Jason LombergBack in April, we reported on the Impulse HB-SIA, a solar-powered aircraft piloted by balloonist Bertrand Piccard. Powered by 11,628 monocrystalline silicon cells, and with a wingspan equivalent to an Airbus A340 (63.4 m), the HB-SIA is an impressive piece of work. Yesterday, the craft achieved an important milestone: the first solar-powered night flight.

Piloted by Andre Borschberg, the HB-SIA took off on 7/7 from Payerne air base in Switzerland at 07:51 local time. The craft reached a maximum altitude of 8,564 m and stayed aloft for a total of 26 hours and 9 minutes. About two hours before sunset, the HB-SIA switched to battery power in preparation for night flight.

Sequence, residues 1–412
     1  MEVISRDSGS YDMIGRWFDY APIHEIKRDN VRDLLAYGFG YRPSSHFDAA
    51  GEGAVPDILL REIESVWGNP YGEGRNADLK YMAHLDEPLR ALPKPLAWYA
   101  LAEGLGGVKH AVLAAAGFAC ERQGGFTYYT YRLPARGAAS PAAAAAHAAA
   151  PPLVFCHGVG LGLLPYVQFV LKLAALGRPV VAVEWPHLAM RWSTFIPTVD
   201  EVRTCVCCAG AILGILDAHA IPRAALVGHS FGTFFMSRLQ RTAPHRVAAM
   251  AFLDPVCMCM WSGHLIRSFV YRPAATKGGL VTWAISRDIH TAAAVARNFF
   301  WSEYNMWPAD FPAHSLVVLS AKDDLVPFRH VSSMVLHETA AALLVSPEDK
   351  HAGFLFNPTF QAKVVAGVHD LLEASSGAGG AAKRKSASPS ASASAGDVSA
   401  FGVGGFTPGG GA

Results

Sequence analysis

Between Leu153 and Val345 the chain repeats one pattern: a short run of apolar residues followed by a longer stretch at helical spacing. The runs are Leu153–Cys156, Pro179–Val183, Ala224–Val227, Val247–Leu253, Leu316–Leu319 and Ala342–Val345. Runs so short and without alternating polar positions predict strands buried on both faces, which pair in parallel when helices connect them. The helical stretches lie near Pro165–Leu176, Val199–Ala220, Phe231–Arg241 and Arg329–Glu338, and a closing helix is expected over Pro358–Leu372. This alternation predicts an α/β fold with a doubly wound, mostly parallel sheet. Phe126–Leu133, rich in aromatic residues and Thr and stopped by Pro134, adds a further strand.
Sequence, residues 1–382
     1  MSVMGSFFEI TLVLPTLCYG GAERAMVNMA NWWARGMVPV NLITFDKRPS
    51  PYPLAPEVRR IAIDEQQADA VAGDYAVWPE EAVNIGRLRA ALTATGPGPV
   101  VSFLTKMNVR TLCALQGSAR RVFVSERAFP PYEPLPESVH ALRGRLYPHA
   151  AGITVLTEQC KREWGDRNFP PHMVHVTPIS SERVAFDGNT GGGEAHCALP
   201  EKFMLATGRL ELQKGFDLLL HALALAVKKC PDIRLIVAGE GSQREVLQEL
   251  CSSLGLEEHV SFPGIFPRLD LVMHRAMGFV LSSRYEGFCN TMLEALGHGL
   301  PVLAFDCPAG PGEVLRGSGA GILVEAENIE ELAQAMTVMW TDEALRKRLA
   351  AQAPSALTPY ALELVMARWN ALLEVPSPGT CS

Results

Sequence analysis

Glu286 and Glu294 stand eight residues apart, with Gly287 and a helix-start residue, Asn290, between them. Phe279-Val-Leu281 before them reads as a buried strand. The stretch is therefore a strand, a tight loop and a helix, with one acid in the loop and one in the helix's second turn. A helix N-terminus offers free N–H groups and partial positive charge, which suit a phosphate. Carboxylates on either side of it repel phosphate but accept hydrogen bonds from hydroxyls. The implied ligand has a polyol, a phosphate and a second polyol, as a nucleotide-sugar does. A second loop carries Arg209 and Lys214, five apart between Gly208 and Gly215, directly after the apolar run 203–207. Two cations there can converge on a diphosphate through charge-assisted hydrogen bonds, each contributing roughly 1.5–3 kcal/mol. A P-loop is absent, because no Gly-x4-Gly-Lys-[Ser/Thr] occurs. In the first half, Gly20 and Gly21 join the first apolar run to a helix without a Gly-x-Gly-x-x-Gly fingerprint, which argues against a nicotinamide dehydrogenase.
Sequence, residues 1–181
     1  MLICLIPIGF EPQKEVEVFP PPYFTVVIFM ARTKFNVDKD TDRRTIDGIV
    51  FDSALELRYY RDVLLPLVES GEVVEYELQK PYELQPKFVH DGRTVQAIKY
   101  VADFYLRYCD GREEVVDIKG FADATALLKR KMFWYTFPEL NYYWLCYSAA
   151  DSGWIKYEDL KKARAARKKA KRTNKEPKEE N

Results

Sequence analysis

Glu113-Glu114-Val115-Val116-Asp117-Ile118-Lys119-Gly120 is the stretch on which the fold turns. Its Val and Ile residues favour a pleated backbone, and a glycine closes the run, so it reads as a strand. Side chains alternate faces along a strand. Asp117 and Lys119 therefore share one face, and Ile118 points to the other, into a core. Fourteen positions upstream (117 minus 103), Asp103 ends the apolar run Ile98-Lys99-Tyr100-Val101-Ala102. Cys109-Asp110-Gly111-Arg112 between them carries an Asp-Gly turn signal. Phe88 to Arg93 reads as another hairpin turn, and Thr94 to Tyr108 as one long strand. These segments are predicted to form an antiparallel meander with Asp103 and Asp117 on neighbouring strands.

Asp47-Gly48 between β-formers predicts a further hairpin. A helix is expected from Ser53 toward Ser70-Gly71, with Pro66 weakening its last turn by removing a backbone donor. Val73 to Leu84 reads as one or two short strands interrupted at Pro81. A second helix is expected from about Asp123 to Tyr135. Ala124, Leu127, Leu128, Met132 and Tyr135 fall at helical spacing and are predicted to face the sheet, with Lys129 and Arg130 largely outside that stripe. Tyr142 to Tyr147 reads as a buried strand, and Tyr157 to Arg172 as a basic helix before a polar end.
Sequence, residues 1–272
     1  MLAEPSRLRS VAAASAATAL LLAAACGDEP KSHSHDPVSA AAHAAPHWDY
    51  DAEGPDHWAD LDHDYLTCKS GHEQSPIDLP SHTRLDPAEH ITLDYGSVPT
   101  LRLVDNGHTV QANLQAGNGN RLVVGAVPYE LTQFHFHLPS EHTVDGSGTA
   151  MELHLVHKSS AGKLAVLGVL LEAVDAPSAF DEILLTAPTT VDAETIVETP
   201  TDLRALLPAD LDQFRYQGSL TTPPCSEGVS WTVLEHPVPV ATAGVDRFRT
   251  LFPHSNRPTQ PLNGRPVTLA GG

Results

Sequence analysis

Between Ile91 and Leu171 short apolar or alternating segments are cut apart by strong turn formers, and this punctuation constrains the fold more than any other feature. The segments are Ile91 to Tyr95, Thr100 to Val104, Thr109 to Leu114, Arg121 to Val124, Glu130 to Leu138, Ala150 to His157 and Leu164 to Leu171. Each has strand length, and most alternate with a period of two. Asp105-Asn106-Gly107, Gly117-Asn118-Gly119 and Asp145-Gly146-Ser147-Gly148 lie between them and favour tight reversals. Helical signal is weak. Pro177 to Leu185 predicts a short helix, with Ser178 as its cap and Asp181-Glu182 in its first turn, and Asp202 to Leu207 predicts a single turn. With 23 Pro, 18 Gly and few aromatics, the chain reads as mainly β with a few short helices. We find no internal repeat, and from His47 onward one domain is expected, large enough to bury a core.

Solar Impulse HB-SIA

Borschberg, a former Swiss air force pilot, was ecstatic, to say the least. “It was unbelievable, success better than we expected. We almost thought to make it longer,” he said.

The HB-SIA weighs a mere 1,600 kg and achieves energy conversion efficiency of 22%. The four 10 HP motors (located beneath the wings) propel the craft to an average speed of 70 km/h (44 mph). During Wednesday’s historic flight, the HB-SIA hit a max speed of 68 knots (ground speed), or 78.25 mph.

What’s next for Captain Piccard? The next milestone will be crossing the Atlantic, followed by a round-the-globe flight by 2012. The ultimate goal is to achieve “impossible things” with renewable energies.

“We are on the verge of the perpetual flight,” said Piccard.